Tonight Mazzy decided that the crisp and crystal clear vocals of Hope Sandoval were going to be the star. She was a diamond angel this evening, floating above the crowd and leaving behind a sparkling and shimmering trail of dust. The audience didn’t seem to appreciate what they were getting, but hearing “Fade Into You” seemed to capture their interest. They played everything a little slower than the recordings to maximize the hazy/dreamy narcotic effect of their music. Hearing “Halah” live was a special moment, but one not seemingly shared by this Coachella audience.
Atari Teenage Riot
If you were tired by the time you made it to ATR, then this set would have probably killed you. They blazed though some of their best songs, creating the only moshpit I witnessed at this years Coachella. A great and under-appreciated band, but Coachella is extremely telling as to what music today’s kids value, and 90s reunions don’t seem to be floating their boat. The millennial’s are the generation who want to do their best to reinvent things that have been done before, and celebrate themselves, even when there is very little to celebrate. It is their time now and originality is a low priority, as they seem to feel the weight of historical context and would rather ignore the past than be dimmed by how brightly their influences have shined.
This is the second time I’ve not watched much M83 at Coachella. Their intro should have been spectacular, but the first couple of songs felt pretty phoned in and canned. I’m sure a great deal of it was played live, just wasn’t sold by their songs. Their opener felt like it would make a great kodak commercial soundtrack, or any product that wants to sell itself by encouraging us to share the moments of our lives.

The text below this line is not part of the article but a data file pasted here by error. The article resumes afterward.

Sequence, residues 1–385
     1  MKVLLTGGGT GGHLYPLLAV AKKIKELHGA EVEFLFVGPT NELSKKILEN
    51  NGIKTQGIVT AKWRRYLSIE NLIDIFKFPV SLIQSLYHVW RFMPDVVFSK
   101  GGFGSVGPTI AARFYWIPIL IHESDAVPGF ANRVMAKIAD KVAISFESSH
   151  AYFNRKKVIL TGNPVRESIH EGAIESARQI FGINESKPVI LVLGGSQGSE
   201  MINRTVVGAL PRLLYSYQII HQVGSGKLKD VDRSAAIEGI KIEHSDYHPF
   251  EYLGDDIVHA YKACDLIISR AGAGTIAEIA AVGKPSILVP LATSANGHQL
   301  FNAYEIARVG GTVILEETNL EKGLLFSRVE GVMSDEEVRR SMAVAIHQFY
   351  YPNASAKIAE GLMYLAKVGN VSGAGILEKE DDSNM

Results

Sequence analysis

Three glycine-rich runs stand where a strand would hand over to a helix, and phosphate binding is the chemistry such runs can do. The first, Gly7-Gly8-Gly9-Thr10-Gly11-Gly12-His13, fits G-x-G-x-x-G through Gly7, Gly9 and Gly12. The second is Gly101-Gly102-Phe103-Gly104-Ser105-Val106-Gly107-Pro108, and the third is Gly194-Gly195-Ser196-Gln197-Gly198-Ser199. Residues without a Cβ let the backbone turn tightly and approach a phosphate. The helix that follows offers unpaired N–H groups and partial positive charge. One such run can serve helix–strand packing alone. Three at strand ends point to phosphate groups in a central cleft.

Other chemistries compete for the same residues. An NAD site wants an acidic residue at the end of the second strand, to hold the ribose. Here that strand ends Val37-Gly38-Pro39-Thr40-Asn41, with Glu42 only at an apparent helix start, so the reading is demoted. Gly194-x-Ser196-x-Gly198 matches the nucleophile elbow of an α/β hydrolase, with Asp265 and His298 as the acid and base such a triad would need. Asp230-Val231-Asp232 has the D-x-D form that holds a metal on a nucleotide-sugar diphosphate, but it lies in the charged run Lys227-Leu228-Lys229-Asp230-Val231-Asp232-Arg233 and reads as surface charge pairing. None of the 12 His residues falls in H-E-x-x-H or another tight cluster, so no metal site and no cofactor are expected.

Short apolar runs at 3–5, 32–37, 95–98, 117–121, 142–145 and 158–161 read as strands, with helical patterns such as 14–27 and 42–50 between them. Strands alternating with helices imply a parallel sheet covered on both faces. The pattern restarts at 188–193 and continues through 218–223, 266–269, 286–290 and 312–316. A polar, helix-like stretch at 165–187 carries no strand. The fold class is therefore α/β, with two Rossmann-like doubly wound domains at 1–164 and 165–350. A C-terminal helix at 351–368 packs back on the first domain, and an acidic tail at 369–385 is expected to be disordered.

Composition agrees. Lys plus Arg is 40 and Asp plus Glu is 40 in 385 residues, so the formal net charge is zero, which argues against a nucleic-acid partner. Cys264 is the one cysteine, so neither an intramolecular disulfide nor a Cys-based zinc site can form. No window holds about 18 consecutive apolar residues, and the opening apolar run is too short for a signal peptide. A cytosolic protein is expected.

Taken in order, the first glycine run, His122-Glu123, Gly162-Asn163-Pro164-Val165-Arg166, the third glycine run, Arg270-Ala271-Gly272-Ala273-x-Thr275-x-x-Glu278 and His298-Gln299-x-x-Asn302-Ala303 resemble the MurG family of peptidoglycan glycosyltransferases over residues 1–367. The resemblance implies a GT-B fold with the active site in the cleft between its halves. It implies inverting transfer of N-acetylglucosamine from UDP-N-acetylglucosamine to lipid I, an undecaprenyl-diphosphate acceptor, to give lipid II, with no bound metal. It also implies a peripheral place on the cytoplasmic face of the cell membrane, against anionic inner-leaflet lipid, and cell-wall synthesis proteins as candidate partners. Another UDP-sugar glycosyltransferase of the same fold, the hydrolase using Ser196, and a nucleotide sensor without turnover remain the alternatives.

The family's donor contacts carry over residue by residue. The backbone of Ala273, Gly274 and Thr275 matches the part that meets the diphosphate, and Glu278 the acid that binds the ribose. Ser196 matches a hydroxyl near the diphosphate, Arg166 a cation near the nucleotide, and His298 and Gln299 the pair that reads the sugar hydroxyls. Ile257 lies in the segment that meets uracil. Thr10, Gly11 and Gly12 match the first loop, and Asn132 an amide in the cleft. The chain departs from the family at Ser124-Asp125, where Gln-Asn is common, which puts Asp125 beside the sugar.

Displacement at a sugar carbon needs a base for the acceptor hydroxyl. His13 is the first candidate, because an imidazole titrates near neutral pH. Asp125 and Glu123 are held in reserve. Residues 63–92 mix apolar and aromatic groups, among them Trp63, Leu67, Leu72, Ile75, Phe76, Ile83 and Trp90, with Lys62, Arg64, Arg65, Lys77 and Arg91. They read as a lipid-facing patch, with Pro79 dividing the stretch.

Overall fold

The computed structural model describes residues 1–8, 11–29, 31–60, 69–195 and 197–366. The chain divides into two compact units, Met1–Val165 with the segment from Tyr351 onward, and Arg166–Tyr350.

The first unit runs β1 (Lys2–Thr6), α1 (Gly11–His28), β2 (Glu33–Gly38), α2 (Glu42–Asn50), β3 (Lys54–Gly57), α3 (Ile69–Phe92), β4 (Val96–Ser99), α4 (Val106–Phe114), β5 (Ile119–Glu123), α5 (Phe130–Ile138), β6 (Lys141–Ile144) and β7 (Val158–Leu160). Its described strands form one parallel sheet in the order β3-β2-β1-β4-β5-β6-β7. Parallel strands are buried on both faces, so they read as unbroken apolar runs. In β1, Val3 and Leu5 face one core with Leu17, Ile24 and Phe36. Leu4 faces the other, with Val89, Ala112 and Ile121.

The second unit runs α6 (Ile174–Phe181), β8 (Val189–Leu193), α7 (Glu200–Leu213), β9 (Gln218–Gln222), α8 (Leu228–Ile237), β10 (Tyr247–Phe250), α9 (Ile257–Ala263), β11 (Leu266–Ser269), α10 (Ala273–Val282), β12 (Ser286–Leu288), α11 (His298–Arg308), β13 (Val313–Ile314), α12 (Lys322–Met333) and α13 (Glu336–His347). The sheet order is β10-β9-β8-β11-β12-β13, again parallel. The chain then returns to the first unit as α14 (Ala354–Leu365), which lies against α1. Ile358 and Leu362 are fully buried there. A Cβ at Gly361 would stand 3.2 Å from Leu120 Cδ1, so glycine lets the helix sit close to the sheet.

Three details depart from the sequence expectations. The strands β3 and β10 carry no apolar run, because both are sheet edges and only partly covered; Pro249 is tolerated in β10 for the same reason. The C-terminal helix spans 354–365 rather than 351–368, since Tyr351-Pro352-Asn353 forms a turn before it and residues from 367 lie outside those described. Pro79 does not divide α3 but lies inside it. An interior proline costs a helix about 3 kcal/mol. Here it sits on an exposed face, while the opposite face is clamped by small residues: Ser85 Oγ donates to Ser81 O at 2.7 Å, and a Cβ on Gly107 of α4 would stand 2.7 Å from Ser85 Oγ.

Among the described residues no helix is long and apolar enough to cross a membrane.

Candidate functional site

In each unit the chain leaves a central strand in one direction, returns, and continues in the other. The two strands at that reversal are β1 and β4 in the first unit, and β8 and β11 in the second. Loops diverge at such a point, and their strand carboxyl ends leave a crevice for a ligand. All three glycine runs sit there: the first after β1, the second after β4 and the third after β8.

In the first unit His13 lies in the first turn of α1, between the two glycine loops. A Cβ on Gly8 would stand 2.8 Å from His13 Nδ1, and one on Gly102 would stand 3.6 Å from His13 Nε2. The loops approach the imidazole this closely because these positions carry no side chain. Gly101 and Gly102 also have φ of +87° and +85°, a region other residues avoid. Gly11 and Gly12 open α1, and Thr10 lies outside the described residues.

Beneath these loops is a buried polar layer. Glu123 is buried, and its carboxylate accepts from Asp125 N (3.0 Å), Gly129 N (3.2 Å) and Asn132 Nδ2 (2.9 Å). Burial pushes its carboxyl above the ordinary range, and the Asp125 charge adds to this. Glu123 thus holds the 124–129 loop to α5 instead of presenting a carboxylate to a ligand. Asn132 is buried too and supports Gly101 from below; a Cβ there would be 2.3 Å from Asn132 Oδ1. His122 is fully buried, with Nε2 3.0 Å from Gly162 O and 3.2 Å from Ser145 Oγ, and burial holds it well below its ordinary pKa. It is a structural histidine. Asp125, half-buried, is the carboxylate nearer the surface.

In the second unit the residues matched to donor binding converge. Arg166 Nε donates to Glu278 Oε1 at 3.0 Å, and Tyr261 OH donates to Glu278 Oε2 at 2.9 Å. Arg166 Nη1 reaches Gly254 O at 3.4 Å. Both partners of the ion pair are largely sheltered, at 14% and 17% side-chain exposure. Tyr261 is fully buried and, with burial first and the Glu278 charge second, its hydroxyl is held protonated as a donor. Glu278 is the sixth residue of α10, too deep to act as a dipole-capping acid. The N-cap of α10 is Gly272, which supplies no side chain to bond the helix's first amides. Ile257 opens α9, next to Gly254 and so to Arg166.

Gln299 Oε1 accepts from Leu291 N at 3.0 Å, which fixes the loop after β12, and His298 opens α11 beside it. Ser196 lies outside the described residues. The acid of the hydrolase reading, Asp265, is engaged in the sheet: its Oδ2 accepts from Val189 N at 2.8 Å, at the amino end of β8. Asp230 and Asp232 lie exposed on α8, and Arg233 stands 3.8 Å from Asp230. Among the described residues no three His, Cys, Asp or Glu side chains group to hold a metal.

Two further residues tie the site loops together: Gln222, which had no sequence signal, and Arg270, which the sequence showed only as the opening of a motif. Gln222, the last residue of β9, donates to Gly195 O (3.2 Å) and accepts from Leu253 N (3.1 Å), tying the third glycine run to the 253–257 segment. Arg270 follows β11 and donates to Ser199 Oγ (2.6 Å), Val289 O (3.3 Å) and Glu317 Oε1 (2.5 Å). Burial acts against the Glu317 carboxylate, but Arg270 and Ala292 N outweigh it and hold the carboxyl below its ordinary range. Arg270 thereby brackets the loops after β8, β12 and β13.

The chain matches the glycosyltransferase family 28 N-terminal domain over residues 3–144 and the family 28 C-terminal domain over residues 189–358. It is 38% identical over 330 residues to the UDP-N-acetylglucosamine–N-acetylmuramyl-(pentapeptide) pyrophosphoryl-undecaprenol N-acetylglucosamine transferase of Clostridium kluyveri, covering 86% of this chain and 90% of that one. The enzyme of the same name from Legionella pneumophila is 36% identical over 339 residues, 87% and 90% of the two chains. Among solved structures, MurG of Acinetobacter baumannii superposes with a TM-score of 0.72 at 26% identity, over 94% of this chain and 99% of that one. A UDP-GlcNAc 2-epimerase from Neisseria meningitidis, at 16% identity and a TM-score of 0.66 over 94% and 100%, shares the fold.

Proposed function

Good, kinda Doorsy, but super heavy and dirty. Kind of stoner rock meets a dirty Cramps? Heavy and abusive riffs were unrelenting and almost drone-like. Great set, just wished the stage show was darker and heavier to match their sound. They look like a band playing songs, which is exactly what they were.
Sound man didn’t treat them well off the bat. It’s funny that you can headline a stage at Coachella and still not buy the respect of the technician who’s probably guided by their manager or their own sound man. I don’t know, maybe they didn’t show up for soundcheck. It was fine, but nothing special going on performance wise, and nothing matched the grace of some of their recent recordings. We came back after leaving, and it was better, but it had been a long and very hot day, nothing was keeping us here at this stage that we needed to see in this condition.
Really amazing light show modeled to an impressive structure of cubes that housed the booth from which Tobin ran his show. Amazing work for staging a show that makes perfect sense as a full artistic expression of his unusual but beautiful music.
Day 2 & 3: